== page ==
Movement patterns used by the elderly when getting out of bed

Julie Mount, Thomas Jefferson University
Leslie Kresge, Thomas Jefferson University
Gabrielle Klaus, Thomas Jefferson University
Lynn Mann, Thomas Jefferson University
Caitlin Palomba, Thomas Jefferson University

Document Type Article

This article has been peer reviewed. It is the authors' final version prior to publication in Physical and Occupational Therapy in Geriatrics 24(3):27-43, 2006. The published version is available at Copyright is retained by Haworth Press.


Background and Purpose. Getting out of bed is difficult for 27.6% of people over 65. The purpose of this study is to describe movement patterns used by older adults for rising from bed.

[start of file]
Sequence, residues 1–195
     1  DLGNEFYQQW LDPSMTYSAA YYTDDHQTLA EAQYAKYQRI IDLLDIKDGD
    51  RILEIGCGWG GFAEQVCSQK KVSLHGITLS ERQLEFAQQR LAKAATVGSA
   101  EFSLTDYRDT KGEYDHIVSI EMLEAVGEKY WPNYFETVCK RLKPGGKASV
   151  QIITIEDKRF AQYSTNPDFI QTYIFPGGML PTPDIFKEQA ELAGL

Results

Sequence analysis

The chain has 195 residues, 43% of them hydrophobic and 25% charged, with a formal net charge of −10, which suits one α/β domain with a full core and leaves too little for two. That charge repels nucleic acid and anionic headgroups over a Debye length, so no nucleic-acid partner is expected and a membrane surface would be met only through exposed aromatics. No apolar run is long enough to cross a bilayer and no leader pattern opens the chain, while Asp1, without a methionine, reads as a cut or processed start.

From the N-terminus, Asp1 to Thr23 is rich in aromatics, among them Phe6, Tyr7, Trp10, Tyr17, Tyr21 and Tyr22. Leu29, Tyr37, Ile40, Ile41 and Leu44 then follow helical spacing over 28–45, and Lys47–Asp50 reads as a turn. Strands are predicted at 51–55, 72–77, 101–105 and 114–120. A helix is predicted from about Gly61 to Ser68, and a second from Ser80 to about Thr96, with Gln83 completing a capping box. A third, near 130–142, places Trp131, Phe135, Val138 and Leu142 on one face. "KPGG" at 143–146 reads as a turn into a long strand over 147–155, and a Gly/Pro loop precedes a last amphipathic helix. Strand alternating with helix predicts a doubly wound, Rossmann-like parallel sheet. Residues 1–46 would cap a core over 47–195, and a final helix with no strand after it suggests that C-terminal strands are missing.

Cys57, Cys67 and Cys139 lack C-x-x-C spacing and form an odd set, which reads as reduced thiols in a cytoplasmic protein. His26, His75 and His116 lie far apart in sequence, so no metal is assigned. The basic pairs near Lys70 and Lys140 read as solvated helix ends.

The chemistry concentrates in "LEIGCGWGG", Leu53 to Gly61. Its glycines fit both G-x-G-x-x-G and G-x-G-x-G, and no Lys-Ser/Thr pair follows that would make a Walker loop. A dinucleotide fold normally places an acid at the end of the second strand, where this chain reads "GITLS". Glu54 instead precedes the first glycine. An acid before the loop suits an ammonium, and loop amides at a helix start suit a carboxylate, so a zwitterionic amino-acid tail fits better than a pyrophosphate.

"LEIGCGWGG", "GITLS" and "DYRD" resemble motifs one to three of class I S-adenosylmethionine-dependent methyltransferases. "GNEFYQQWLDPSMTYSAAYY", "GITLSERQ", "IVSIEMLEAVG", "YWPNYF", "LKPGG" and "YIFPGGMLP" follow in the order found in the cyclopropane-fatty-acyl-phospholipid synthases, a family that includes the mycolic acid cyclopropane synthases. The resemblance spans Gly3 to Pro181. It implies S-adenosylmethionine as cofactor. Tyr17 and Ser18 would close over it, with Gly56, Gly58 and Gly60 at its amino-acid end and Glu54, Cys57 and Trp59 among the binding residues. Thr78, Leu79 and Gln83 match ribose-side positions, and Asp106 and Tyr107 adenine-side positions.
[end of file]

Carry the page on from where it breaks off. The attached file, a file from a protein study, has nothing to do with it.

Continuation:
Subjects. 42 healthy subjects between the ages of 65 and 90.

Methods. Subjects were videotaped performing 5 trials of getting out of bed. Movement patterns were categorized for each body part.

Results. A number of movement patterns occurred that were not reported in younger people. The most frequent movement patterns used were: "roll off" (38.3%) for the trunk, "double push" (34.7%) for the far arm, "multi-push" (36.0%) for the near arm, and "synchronous" (31.2%) for the legs.

Discussion and Conclusion. A variety of movement patterns are used by older people for rising from bed. Movement patterns described in this study can be used as a guide for physical therapists and occupational therapists in teaching age-appropriate strategies for getting out of bed.